In comparison to its air and grab games, Mewtwo's ground game is a mixed bag. While generally powerful, all but a few of its grounded moves suffer from noticeable ending lag, which makes them risky when they are whiffed, shielded, or dodged. Its neutral attack is very useful: it can easily jab cancel and even out-prioritize many moves, which in turn enables Mewtwo to better utilize its grab game and quickly initiate combos when followed up with up tilt, down tilt, or Disable. Down tilt, in particular, is a very effective move: its long range, launching angles, and minimal overall lag make it very useful for starting combos and decent for spacing or shield stabbing. Up tilt can combo into Mewtwo's aerial moves and potentially itself on many characters even at high percentages, so long as it hits them with its near hitboxes.
Forward tilt has good range, very high knockback scaling, and can be angled, all of which makes it decent for spacing. However, its very low base knockback makes it unable to KO at reasonable percentages. Although it is punishable, dash attack's respectable range has increased even further, thanks to its hitboxes being re-positioned outward, and its newfound disjointed hitbox. Lastly, Mewtwo's smash attacks have above-average strength and distinct perks: forward smash has the longest range; up smash hits multiple times and is a useful anti-air option; and down smash has the lowest amount of ending lag.
Mewtwo's special moves are powerful, yet risky, much like its ground game. Shadow Ball has impressive utility regardless of its charge: it is useful for zoning or stopping approaches when uncharged, whereas it is one of the strongest and fastest projectiles in the game when fully charged. Teleport grants considerable horizontal momentum and renders Mewtwo invulnerable for a split second, which makes it a safe recovery overall. Confusion, which was notorious in Melee for being virtually useless, has been buffed considerably. In addition to functioning as a long-ranged command grab that can bypass disjointed hitboxes, it now functions as a proper reflector, which improves Mewtwo's neutral game by allowing it to counteract opposing projectiles. Confusion's utility also extends to Mewtwo's recovery, as it now grants a slight vertical and average horizontal boost during its first use in midair, and can completely reverse both its aerial momentum and direction. Lastly, Disable is a risky set-up option, but it can guarantee openings for combos and KOs if it connects, which is further supplemented by its stun duration having been increased since Melee.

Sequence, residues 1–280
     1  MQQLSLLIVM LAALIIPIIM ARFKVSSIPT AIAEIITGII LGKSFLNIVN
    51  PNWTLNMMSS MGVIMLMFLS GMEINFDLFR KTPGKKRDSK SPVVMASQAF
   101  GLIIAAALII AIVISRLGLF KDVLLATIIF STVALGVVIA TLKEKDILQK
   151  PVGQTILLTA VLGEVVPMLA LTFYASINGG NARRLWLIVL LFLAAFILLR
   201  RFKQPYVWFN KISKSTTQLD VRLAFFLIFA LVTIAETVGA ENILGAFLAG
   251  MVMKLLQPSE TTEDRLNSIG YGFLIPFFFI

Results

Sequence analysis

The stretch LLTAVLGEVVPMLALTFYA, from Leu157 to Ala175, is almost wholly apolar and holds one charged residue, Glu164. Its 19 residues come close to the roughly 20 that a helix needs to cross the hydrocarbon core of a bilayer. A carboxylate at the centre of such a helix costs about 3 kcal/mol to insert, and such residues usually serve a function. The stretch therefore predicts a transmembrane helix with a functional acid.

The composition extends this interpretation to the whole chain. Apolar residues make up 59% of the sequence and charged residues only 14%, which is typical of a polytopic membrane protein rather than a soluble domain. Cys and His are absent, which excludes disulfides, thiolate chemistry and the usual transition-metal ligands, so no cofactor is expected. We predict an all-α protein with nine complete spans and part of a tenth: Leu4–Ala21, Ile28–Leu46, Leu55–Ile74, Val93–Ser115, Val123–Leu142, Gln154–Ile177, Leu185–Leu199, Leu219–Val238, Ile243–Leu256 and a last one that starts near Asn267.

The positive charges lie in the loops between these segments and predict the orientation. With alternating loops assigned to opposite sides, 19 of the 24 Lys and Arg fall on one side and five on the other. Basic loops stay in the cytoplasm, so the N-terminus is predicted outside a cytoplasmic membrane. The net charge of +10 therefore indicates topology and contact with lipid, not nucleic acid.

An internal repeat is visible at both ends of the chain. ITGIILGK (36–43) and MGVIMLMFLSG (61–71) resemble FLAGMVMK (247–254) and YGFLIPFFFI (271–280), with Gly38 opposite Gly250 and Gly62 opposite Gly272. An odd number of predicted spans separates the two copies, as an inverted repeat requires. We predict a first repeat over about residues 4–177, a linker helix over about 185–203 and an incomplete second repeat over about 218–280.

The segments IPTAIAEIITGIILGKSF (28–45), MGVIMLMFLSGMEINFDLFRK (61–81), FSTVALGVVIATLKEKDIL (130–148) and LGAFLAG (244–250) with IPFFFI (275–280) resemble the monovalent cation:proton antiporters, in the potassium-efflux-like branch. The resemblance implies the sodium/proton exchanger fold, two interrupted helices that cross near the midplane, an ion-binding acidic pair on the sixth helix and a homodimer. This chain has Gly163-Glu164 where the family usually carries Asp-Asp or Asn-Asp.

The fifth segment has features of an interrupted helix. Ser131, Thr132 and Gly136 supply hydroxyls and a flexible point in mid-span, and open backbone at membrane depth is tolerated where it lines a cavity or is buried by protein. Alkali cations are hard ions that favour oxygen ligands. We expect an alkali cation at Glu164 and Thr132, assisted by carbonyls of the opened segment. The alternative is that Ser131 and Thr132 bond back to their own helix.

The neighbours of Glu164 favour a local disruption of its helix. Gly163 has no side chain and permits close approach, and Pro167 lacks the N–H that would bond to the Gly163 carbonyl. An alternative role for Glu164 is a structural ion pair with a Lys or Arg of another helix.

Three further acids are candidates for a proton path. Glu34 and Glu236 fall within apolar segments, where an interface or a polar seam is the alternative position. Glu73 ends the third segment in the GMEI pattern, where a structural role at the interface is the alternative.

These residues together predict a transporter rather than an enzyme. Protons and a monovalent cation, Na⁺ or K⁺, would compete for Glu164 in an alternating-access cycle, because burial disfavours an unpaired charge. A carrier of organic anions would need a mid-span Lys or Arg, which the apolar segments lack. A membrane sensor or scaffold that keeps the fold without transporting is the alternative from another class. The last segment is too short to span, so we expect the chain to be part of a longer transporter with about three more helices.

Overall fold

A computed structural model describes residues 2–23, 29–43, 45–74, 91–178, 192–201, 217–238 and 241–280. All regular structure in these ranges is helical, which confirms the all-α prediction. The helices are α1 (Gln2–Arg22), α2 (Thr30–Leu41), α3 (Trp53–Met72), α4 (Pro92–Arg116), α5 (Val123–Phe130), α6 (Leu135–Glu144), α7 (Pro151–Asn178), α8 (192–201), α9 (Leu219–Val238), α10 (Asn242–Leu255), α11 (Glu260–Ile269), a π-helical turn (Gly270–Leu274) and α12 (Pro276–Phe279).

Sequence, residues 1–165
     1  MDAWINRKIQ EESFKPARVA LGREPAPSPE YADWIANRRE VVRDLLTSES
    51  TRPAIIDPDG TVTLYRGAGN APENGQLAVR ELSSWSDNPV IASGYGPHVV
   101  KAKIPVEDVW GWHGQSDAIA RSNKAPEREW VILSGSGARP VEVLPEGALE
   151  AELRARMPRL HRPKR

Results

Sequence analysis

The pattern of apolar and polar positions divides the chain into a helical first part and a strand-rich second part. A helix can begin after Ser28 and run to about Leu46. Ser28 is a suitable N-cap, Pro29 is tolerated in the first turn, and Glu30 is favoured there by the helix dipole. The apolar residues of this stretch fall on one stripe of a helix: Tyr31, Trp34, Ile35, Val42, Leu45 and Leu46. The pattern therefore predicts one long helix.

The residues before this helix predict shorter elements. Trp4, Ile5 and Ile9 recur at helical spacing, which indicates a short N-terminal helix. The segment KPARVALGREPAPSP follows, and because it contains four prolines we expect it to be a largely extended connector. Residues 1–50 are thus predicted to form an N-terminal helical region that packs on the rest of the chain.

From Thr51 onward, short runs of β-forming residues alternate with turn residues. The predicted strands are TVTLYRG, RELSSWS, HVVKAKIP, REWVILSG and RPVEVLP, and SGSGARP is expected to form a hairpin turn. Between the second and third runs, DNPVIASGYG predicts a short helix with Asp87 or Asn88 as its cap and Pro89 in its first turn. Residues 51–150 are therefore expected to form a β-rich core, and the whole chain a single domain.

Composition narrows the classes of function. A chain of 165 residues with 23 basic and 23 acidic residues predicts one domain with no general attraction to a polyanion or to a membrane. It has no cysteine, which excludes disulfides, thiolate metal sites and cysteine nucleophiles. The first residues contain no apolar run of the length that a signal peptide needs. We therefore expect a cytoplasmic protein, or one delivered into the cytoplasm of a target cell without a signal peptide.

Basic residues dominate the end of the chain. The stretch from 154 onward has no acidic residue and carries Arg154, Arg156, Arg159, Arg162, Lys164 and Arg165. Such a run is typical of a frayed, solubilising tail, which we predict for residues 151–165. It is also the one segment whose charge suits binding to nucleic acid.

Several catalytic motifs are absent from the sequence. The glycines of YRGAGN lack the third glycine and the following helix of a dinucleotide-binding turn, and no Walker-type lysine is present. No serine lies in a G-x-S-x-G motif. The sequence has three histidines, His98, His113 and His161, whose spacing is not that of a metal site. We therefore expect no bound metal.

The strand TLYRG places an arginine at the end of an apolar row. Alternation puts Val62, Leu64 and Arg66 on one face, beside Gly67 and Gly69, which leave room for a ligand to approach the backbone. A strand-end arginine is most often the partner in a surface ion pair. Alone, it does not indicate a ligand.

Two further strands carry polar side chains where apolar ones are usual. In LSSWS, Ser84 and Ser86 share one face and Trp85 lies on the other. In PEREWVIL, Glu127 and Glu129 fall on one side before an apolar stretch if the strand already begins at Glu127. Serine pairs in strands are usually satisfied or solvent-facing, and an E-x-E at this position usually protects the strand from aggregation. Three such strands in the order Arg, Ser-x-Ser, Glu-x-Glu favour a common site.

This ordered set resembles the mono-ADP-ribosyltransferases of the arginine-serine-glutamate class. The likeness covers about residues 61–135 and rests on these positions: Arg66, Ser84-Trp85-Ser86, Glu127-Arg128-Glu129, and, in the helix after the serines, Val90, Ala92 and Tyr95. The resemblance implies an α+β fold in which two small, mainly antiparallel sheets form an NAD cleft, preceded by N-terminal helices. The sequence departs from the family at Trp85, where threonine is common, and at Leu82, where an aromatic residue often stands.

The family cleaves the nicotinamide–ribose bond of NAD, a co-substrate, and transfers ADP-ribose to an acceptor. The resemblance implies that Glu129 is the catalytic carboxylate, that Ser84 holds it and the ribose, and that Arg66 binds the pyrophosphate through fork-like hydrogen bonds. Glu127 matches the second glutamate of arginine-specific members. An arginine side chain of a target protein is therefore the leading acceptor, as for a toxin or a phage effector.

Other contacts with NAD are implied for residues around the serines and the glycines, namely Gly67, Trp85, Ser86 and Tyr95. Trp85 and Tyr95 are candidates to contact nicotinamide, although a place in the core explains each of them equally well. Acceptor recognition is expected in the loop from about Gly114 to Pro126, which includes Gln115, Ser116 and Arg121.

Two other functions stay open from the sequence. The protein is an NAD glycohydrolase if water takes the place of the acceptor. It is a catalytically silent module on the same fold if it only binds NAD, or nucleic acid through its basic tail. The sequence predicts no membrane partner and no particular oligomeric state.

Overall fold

Despite Mewtwo's strengths, it has a few notable and fairly exploitable weaknesses. The most apparent of these is its frailty; Mewtwo's very light weight makes it very easy to KO, while its tall frame, average falling speed, and average gravity collectively make it easier to combo and juggle compared to other characters of its size and weight. Furthermore, Mewtwo lacks an effective aerial attack that can interrupt combos, whereas an attempt to Teleport out of combos can lead to it being punished because of its ending lag, momentum, and start-up lag having been increased since Melee.
The majority of Mewtwo's moveset also possesses some restrictions in spite of their advantages. Despite its aforementioned hurtbox properties, Mewtwo's tail-based attacks are still susceptible to being countered, owing to the base of its tail being a part of its hurtbox. Fully charged Shadow Ball has recoil when used in the air, which can cause an inadvertent self-destruct while off-stage. Disable is punishable if it whiffs and can be reflected because of its status as a projectile, the latter of which can easily lead to a fatal turnabout against Mewtwo at high percentages.
Aside from forward aerial and fully charged Shadow Ball, the rest of Mewtwo's KOing options can be difficult to land. Up and back throw can be risky to attempt because of its aforementioned average grab range. Forward and down smash have slow start-up lag, whereas up smash has minimal horizontal range below its blast of dark energy. Despite their speed and accuracy, forward aerial and Shadow Ball's KO potentials can be hindered via staleness because of their frequent usage in Mewtwo's combos and neutral game, respectively. Lastly, its frame data is slightly below-average, which makes its attacks even more prone to punishment if they are not spaced well. As a result, Mewtwo can pressure effectively, yet is also vulnerable to pressure. It is also at a distinct disadvantage in a custom moveset environment, as it lacks custom moves because of its status as a DLC character.
In regard to playstyle, Mewtwo's is an odd combination of styles: it fits the archetype of a glass cannon, yet typically relies on bait and punish tactics and defensive maneuvers to keep opponents from performing rushdowns and capitalizing on its very tall frame and extremely light weight. This does not mean Mewtwo is forced to rely on turtling, however, as its outstanding mobility, excellent air game, and overall powerful moveset make it a force to be reckoned with. As such, Mewtwo is a "high-risk, high-reward" character with a fairly high learning curve, as it has to capitalize on reads more often than not because of its frailty and susceptibility to pressure.
In a similar manner to Marth, Mewtwo was initially poorly regarded in SSB4's metagame because of its most serious flaws from Melee being worsened, which resulted in it suffering from low representation and poor results. After being heavily buffed in game updates, Mewtwo has received more representation and better results in the tournament scene, with its notable players including Abadango, Rich Brown and WaDi. Following Abadango winning Pound 2016 while almost exclusively using Mewtwo, it is now regarded as a much better character than initially thought, with the general consensus being that Mewtwo warranted a spot as a high-tier character before it was officially reassessed as a top-tier character within the current tier list.
Changes from Melee